Updated: Jan. 24, 2019
1. This graph compares the yearly average winter (December – February) temperature in the continental United States to the 20th century average U. S. winter temperature. The graph originally appeared elsewhere on NYTimes.com.
After looking closely at the graphs above (or at this full-size image), think about these three questions:
• What do you notice?Why do you think this is?• What do you wonder?What are you curious about that comes from what you notice in the graph?• What might be going on in this graph?Write a catchy headline that captures the graph’s main idea. If your headline makes a claim, tell us what you noticed that supports your claim.
The questions are intended to build on one another, so try to answer them in order. Start with “I notice,” then “I wonder,” and end with “The story this graph is telling is ….” and a catchy headline.
2. Next, join the conversation by clicking on the comment button and posting in the box that opens on the right. (Students 13 and older are invited to comment. Teachers of younger students are welcome to post what their students have to say, or they can have their students use this same activity on Desmos.)
3. After you have posted, read what others have said, then respond to someone else by posting a comment. Use the “Reply” button or the @ symbol to address that student directly.
On Wednesday, Jan. 23, our collaborator, the American Statistical Association, will facilitate this discussion from 9 a.m. to 2 p.m. Eastern Time to help students’ understanding go deeper. You might use their responses as models for your own.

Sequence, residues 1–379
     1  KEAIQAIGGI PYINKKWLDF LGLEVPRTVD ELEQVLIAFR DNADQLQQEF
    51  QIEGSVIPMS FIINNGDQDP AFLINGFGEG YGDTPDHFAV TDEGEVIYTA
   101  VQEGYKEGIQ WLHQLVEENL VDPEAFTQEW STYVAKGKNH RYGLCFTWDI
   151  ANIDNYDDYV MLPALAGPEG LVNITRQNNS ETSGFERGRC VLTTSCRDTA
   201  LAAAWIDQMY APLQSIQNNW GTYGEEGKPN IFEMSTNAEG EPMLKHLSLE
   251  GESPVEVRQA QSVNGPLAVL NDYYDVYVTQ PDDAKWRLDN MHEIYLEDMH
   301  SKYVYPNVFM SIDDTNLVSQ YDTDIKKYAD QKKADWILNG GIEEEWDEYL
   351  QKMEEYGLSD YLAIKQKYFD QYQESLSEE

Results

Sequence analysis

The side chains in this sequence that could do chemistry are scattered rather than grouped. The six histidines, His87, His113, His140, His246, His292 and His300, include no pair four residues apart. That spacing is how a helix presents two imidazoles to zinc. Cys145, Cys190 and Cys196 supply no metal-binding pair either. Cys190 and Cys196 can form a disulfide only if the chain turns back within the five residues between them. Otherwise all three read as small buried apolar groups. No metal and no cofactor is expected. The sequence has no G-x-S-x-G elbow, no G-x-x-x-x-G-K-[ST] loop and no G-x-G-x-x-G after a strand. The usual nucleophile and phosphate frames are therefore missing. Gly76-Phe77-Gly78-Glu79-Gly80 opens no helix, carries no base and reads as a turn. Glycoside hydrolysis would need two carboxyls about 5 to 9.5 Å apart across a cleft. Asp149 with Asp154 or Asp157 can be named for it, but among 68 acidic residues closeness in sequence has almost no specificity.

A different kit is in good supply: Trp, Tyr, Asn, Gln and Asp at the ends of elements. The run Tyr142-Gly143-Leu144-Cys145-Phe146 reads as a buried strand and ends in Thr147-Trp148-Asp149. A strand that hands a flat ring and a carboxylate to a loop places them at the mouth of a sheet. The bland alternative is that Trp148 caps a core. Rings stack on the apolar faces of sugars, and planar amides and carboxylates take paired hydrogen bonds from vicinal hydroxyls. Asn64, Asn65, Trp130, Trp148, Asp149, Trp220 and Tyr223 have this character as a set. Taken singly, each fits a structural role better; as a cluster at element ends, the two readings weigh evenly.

4. On the afternoon of Thursday, Jan. 24, we will reveal more information about the graphs at the bottom of this post. Students, we encourage you to post an additional comment after reading the reveal. How do the original New York Times article and the moderators’ comments help you see the graphs differently? Try to incorporate the statistical terms defined in the Stat Nuggets in your response.
• Read our introductory post, which includes information about using the “Notice and Wonder” teaching strategy.• Learn about how and why other teachers are using this feature, and use the 2018-19 “What’s Going On in This Graph?” calendar to plan ahead for the 25 Wednesday releases. • Go to the A.S.A. K-12 website, which includes This is Statistics, resources, professional development, student competitions, curriculum, courses and careers.
Updated: Jan. 24, 2019
Last year on May 8, 2018, “What’s Going On In this Graph?” featured a graph that showed summers in the United States are getting warmer. This week’s graph shows that winters are getting warmer, too. Do you find these graphs convincing evidence that we are experiencing climate change? Search online for other evidence that would help you understand what is happening in our environment.
This graph came from the New York Times article “Where are America’s Winters Warming the Most? In Cold Places.” The data used to construct this graph were collected by the National Oceanic and Atmospheric Administration (NOAA), an agency of U.S. Department of Commerce. Its mission is to understand and predict changes in climate and to conserve marine ecosystems and resources. To see NOAA’s maps on climate, go to their global maps collection.